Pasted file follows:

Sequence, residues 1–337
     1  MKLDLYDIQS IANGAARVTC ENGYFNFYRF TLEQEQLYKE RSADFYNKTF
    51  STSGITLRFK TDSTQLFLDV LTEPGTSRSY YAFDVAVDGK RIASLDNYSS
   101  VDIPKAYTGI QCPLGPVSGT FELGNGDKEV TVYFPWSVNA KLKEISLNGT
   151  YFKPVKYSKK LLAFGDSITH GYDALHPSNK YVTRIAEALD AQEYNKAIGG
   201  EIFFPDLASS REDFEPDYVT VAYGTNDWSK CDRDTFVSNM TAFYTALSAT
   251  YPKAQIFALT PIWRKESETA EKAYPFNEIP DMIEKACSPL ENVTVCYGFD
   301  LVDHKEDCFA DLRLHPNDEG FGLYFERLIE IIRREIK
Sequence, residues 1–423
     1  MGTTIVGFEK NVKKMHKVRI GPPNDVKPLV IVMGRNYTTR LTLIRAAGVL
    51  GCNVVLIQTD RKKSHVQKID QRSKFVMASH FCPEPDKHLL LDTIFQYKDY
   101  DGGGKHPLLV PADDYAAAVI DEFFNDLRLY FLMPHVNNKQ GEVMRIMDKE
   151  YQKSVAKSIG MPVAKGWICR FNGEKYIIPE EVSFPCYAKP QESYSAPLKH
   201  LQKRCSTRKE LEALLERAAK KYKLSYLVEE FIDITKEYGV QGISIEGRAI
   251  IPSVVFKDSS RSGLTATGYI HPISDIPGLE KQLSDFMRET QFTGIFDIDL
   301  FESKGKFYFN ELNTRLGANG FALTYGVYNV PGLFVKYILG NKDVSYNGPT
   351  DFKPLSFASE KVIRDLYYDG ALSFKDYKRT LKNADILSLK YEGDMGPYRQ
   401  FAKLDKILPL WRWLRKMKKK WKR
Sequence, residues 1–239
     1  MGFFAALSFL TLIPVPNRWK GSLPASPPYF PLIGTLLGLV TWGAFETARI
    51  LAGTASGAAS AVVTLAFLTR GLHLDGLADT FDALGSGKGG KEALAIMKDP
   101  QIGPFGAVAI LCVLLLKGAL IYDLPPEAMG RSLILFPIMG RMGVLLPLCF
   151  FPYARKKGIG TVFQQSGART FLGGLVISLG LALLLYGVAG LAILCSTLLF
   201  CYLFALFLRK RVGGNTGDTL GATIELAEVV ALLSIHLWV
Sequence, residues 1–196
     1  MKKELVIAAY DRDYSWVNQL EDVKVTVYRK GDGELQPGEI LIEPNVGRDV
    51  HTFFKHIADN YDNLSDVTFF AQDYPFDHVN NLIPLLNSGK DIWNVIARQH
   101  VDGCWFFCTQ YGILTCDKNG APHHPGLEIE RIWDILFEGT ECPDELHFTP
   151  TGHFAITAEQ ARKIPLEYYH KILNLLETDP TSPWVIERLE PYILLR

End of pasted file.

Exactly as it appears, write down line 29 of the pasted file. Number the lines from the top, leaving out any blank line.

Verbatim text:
   151  TGHFAITAEQ ARKIPLEYYH KILNLLETDP TSPWVIERLE PYILLR